Since the Rolex brand’s conception in 1904, they have been pushing the boundaries of watchmaking. From the first waterproof case and automatically changing date display to the general aesthetic of their watches, the impact that Rolex has made on the watchmaking industry is enormous. Below we will discuss a few of the most interesting designs to come from the iconic Swiss watchmaker.
The Cosmograph Daytona Dial
The Rolex Daytona is the official timepiece of the Daytona Speedway and the highly coveted prize of the 24 hours of Daytona. While it was initially developed with space travel in mind, hence the name Cosmograph, it didn’t take long for the Daytona with its sporty aesthetic and ability to measure incredible speeds to find its place among the face-paced world of professional driving.
As it goes with almost any timepiece, the dial is often the most fascinating aspect of the watch, and the Daytona is no different. Three subdials sit just below the central hands, giving the brand’s iconic chronograph its signature motorsport aesthetic. The subdials are usually presented in a contrasting tone for easy reading and display the chronograph, or stopwatch, functions of the movement. Two of the three dials display elapsed time in minutes and hours, while the third dial displays the current seconds. The actual second’s hand that runs from the center of the dial remains stationary until engaged by the wearer to begin the stopwatch feature.
The Paul Newman dial is, perhaps, the most notable of all the Daytona dials and is characterized by a “Tri-tone” dial with contrasting registers and red accents. The art deco font used on the numerals in the subdials themselves is what sets the Paul Newman apart from other vintage Daytonas. These variations are incredibly rare, but fret not, modern tri-tone dials are available on the market without the signature art deco font and at a much more obtainable price.
Reading Multiple Time Zones with the GMT Master/II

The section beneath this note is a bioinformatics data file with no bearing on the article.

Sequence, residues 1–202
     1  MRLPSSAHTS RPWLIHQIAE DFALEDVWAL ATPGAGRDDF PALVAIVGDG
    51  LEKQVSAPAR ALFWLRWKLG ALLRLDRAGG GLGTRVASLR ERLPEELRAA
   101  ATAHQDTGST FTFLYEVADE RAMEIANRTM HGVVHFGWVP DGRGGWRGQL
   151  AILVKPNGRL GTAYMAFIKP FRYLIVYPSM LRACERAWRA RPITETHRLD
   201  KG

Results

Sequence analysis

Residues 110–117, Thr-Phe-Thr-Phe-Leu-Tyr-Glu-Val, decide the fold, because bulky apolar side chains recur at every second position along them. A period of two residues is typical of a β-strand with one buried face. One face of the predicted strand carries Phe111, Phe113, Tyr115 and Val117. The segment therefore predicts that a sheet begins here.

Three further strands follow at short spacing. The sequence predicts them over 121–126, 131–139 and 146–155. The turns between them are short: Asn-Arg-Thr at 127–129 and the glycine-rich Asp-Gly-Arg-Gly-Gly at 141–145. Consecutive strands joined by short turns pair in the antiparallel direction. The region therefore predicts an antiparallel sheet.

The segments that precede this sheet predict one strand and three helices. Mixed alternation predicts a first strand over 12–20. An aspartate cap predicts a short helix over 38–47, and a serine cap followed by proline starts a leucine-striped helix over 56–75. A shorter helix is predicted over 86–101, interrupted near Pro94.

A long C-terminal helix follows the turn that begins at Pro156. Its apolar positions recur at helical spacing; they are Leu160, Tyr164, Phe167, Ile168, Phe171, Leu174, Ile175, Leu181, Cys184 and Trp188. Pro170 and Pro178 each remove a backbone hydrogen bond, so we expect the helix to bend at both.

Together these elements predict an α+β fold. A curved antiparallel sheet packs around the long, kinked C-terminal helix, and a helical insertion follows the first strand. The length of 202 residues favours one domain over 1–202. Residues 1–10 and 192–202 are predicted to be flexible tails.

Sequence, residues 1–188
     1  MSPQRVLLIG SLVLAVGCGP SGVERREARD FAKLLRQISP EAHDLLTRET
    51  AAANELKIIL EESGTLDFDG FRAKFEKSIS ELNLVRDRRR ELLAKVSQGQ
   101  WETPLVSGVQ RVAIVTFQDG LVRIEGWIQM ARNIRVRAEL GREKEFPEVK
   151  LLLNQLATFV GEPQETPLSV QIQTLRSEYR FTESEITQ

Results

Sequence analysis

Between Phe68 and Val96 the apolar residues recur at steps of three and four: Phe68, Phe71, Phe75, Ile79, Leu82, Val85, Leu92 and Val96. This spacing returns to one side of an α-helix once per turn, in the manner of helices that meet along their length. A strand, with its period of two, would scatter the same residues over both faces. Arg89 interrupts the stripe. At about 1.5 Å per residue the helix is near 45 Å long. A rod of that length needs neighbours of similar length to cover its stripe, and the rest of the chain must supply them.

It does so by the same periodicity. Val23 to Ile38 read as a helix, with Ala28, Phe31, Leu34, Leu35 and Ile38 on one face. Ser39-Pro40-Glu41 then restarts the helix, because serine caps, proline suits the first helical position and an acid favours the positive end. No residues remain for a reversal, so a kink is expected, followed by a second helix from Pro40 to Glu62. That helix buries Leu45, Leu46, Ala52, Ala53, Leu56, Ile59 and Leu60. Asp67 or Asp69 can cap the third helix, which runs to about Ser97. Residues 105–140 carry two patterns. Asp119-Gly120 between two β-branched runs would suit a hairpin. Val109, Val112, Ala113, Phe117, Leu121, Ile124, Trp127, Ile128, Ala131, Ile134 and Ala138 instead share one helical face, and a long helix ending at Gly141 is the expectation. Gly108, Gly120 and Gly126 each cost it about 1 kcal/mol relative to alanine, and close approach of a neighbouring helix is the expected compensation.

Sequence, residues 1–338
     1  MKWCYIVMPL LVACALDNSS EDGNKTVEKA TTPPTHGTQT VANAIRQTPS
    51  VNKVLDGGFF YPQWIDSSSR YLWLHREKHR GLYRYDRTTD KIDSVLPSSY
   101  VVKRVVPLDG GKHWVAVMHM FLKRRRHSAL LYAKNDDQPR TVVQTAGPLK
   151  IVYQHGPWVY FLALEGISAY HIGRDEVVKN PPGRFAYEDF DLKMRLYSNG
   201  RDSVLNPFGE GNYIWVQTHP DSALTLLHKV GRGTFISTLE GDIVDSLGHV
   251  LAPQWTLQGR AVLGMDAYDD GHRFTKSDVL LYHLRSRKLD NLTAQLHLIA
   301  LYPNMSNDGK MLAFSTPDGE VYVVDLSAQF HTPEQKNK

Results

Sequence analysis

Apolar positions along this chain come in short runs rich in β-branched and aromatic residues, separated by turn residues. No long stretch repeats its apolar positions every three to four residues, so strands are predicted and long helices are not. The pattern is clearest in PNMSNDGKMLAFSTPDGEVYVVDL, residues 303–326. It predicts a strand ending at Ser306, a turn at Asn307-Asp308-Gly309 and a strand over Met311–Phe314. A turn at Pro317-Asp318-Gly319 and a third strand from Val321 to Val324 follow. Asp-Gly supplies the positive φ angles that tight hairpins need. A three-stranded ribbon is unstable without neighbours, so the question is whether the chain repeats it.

Rolex collaborated with the Pan American Company when they created the GMT Master in the 1950s. The intention was to develop a timepiece with dual-time capabilities, a feat that was achieved by equipping the case with a rotatable 24-hour bezel. A dedicated GMT hand was also added to the dial and, in early models worked alongside the other central hands. The GMT Master II debuted in 1983, bringing with it a slightly more sophisticated movement that allows the wearer to adjust the GMT hand independently of the other hands. This update allows the wearer to read a third-time zone.
The first GMT Master came with a bright red GMT hand with a luminous arrow tip. This feature remained a constant until the newest generation of pilot’s watches debuted in the 2000s, displaying the hand in a bright green hue on the first 6-digit references and in blue on the highly coveted Batman 116710BLNR variation.
The Submariner and the Waterproof case
While the Rolex Submariner was not the first waterproof watch – the first waterproof Oyster case was invented in 1926 – it is by far one of the most notable. The Submariner was officially released at Basel World 1954 and offered a depth rating of either 100 or 200 meters. The design of the case was refined over the next several decades, eventually providing a waterproof guarantee up to 300 meters or 1,000 feet. The concept behind the Submariner would lead to the development of other dive watches by the brand with an even greater depth rating, including the Sea-Dweller (1,220 meters) and the Deepsea (3,900 meters).
The Submariner can attribute most of its waterproof capabilities to the addition of a screw-down crown, which offers three sealed zones to seal the case hermetically. Despite offering such an impressive feature, the case itself retains a traditional 40mm diameter and a sleek profile on the wrist, save for the newest generation of Subs that boast a slightly more robust case.
The features showcased in this article are just the tip of the iceberg. To explore even more fascinating Rolex designs visit Bobswatches.
- Largest Swiss companies in the watchmaking industry
- Business Watches For Men: What To Look For When Dressing The Part